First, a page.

Internationalization is both an internal and external phenomenon for higher education institutions. Because of our globalized world economy and the increase in international opportunities, this impacts everyone no matter their interests of study and research. Whether or not you study physics, education, law, business, or psychology, our worlds are becoming more and more international. That is why it is important to consider how international your institution is when deciding where to attend.
IU is international. Along with its international strategic plan and its new School of Global and International Studies, IU’s alumni reach all corners of the world. The programs here allow for study, research, and travel abroad to learn about your area of discipline in another country. Experiences like these can only help you in your pursuit for a job.
Now that everything is submitted, it is now time to wait for responses. It is important to keep in mind that rejection letters are inevitable. Don’t let them get you down. There are many options out there, and it is not the end of the world.
However, you should still be proactive in the meantime while you are waiting. Do you yet know your list of preferred schools and why you want to attend them? Have you visited them? Visiting an institution and getting the “feel” to what it is like to be there will help you make a decision and not regret it later. Each institution is different. The campus life, environment, and structure can be a huge impact on how you will enjoy spending years there. Do you like big cities? Small college towns? A scenic campus to walk through? Visit, visit, visit! Visit IU by emailing us at firstname.lastname@example.org! I hope to meet you at IU! GO HOOSIERS!
Always reach out with open arms! It is important in academia that you do not get stuck within your bubble. The world does not work that way, so why should we? Interdisciplinary studies and research is critical now more than ever as our world becomes more globalized and disciplines overlap to help solve society’s challenges.
As an academic, your success will be determined on how well you can be creative and innovative with your resources as higher education funding becomes more difficult to come by. As a result, more collaboration and cooperation across departments and disciplines will not only enhance your own overall knowledge of your subject area but also show your ability work with others.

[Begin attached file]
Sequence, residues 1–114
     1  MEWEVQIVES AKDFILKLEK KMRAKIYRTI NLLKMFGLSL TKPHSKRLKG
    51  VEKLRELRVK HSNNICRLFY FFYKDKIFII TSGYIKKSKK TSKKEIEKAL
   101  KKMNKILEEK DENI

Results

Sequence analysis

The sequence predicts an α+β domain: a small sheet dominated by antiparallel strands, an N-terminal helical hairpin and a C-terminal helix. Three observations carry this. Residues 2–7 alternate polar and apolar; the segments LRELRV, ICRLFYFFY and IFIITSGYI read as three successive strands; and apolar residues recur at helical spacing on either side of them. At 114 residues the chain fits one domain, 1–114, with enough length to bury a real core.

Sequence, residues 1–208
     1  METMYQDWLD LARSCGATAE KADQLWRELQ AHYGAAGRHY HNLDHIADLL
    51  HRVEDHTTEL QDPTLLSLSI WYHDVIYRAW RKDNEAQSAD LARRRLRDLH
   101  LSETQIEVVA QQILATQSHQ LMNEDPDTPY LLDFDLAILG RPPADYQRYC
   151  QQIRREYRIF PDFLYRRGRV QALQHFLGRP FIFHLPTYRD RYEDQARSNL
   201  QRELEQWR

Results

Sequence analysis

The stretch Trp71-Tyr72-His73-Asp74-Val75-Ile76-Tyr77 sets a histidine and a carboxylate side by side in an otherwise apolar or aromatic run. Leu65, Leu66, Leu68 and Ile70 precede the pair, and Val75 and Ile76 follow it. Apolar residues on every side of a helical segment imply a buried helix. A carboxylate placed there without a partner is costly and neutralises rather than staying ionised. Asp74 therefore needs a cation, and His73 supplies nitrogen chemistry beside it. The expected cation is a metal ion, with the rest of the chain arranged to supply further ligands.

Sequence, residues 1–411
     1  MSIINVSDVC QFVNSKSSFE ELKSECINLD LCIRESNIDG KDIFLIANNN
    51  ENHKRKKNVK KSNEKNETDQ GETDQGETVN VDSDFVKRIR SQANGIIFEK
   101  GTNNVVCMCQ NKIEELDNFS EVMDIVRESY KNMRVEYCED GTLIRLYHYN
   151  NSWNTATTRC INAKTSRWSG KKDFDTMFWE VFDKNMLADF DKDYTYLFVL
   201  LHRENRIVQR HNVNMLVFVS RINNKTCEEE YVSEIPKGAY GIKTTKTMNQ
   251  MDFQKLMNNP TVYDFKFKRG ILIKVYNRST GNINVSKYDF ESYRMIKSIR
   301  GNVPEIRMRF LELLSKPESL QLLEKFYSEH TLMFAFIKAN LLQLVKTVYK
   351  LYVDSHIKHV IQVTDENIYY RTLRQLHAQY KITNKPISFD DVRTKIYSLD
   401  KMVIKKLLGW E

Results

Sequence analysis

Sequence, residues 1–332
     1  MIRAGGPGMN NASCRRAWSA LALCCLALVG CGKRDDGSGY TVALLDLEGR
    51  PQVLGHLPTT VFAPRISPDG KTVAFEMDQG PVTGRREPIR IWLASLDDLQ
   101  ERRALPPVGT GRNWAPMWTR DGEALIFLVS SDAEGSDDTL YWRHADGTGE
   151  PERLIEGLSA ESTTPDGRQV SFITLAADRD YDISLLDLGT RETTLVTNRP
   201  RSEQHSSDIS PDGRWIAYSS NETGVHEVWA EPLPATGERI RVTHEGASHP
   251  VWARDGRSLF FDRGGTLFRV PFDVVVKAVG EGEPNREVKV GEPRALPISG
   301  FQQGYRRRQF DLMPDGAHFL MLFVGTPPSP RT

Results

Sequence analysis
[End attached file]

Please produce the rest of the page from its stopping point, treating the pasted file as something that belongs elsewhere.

Here’s an example: my research concentration is in higher education policy, specifically in governance, funding, ethics, and diversity. Although I am an education policy studies student, I collaborate with higher education and student affairs (HESA), informatics, and public health masters and doctorate students. This kind of collaboration allows me to learn about other areas of academic interest that touches my area of research.
I encourage you to begin working outside of the box and collaborate with others. Not only will it be helpful in your academic career but also your professional work. It’s always good to be open, helpful, and embracing of others!
Now that you have sent in your application, you must be wondering what you should do next. Double check with your school if you need to submit separate applications for fellowships and scholarships. You will want to investigate these opportunities. It’s a good idea to talk to faculty of your department to see what departmental opportunities there are to apply for. Fellowships will provide opportunities for you not only to seek funding but also experience. What is important about fellowships is that they allow you to be secure regarding funding and during your first year as a graduate student, you can explore other options if your fellowship is only awarded for one year. If fellowships are not an option, begin looking for other financial assistance either through campus employment or working in the community if you are in need of funding while studying. Many schools and departments have research centers that may be looking for help. Make sure to be exhaustive in your search.
If you have missed the deadline to apply for fellowships, create a folder and collect information for the next year. Being prepared will help you keep a foot out front and have all necessary documents, recommendations, and information ready to submit at a moment’s notice. If you are needing recommendations, do not procrastinate. Professors will write you a better recommendation if they have time to prepare and not have to use a “canned” letter.
Stay tuned to next month about filing for a FAFSA.
So holiday break brought some good news … an article I worked with a professor on will be published in the Education Law Reporter. An important aspect of academia is to research, write, and publish. Some tips to accomplish these goals are:
1. Find good mentors who know the system well and can guide you through them
2. Collaborate with faculty members and other graduate students. Find where your strengths can compliment theirs.
3. Work together and keep each other accountable. Working with others help you keep yourself accountable and on track to achieve a goal.
4. Research and write on topics that interest you. This is a long process and if you are not interested in the work you are doing, it will become a task not a pleasure!